Terry Allen is a maker of things. A sculptor, illustrator, playwright, collagist, and, perhaps most famously, a singer and songwriter who, over the last five decades, has amassed an extensive catalog of avant-country gold. His 1975 album Juarez, a striking and brilliant concept album that plays as a kind of sunburned, southwestern Badlands, and 1979’s sprawling Lubbock (On Everything), a rollicking and wry send-up of Allen’s West Texas hometown, are rightly held up as unimpeachable masterpieces of proto-Americana music. Each has recently received extensive reissues by the North Carolina label Paradise of Bachelors, who will also issue Allen’s forthcoming new album.

Alice Cohen and the Channel 14 Weather Team: Artifical Fairytales
Former roller-disco queen Alice Cohen has returned with Artificial Fairytales, recorded in her New York home with the Channel 14 Weather Team, the duo of Swedish composer Adrian Knight and saxophonist David Lackner. 

I Must Have Been Out of My Mind: On the Flawed Beauty of Peter Laughner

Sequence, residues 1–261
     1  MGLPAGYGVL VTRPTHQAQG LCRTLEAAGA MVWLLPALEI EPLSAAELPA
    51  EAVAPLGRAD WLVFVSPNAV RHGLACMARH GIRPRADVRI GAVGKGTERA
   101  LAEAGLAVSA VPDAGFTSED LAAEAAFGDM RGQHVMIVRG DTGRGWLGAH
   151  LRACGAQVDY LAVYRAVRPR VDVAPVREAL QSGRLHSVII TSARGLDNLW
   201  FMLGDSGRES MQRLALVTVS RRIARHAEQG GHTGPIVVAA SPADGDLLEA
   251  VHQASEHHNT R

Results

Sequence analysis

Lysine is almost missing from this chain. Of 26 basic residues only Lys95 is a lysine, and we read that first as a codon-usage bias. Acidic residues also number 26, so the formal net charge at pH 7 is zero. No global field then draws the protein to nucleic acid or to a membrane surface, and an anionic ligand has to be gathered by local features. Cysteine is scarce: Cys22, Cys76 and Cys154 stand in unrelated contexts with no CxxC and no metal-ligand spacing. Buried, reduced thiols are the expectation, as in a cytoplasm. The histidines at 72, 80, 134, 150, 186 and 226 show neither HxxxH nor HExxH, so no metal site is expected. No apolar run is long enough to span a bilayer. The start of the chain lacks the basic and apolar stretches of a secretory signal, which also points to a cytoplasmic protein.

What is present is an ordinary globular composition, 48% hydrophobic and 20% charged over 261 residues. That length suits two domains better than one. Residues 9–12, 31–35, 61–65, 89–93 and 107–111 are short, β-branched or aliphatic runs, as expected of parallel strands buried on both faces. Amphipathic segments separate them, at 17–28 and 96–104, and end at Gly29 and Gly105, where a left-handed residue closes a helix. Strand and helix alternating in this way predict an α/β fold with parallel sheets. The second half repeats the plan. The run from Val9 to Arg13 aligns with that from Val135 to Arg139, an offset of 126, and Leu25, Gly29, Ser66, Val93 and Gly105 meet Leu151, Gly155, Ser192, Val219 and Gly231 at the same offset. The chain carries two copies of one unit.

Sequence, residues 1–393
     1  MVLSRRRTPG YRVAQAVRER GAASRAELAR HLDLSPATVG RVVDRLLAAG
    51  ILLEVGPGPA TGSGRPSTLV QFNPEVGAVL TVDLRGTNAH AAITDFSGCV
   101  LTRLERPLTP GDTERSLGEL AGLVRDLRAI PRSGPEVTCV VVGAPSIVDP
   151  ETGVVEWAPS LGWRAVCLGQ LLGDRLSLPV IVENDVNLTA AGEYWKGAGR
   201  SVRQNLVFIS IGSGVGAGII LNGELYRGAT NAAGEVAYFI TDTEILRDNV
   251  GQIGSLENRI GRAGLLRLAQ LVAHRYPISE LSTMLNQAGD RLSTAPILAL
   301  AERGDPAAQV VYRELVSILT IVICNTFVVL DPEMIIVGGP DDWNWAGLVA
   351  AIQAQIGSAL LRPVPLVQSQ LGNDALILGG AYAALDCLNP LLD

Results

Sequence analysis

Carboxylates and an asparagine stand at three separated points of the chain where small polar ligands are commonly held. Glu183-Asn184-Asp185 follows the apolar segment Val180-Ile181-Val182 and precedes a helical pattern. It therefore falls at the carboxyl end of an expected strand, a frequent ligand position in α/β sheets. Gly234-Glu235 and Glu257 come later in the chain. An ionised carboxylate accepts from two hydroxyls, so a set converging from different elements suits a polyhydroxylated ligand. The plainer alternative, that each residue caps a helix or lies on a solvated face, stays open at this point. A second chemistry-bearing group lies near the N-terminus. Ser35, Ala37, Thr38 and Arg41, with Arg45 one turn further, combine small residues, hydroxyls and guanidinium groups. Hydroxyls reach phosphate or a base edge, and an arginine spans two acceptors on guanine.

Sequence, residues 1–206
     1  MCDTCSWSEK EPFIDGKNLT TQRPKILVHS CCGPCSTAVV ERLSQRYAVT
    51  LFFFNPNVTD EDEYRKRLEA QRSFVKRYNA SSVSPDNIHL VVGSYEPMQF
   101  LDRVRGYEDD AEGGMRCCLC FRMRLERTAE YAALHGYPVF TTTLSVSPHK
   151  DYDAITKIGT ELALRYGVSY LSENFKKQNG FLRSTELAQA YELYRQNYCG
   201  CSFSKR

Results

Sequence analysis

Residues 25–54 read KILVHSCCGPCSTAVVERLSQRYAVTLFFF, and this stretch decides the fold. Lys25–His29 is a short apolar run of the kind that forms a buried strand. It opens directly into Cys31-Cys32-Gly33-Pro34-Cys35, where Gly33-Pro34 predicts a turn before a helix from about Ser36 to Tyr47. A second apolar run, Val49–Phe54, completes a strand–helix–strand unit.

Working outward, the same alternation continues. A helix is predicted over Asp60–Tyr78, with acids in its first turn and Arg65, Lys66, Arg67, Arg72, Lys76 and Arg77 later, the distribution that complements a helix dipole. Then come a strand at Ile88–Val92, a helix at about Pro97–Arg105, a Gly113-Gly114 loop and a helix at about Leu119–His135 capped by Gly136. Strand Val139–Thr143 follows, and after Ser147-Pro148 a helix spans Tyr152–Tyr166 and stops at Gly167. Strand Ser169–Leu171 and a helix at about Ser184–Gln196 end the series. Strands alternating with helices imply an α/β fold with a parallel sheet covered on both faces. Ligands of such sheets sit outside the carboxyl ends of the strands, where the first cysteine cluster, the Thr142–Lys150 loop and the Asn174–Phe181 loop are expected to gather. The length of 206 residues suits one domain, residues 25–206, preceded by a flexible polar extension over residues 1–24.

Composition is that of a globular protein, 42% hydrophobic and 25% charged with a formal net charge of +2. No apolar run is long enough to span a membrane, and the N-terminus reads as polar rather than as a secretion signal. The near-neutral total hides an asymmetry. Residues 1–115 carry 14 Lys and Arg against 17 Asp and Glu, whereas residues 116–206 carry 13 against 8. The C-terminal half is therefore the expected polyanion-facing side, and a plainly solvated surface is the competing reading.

For a minute there in the early 1970s, they tried calling Lou Reed the “Phantom of Rock.” It might have been a better fit for Peter Laughner. Since the Cleveland singer/songwriter/guitarist’s death in 1977, the Rocket From the Tombs and Pere Ubu member has been a spectral presence in the underground, more heard of than heard. Laughner only made it to his 24th year. But he packed an unbelievable amount of musical activity into that brief span of time – and we’re finally getting a full portrait of the man via a long-in-the-works five-disc collection from Smog Veil Records, simply titled Peter Laughner. It was worth the wait.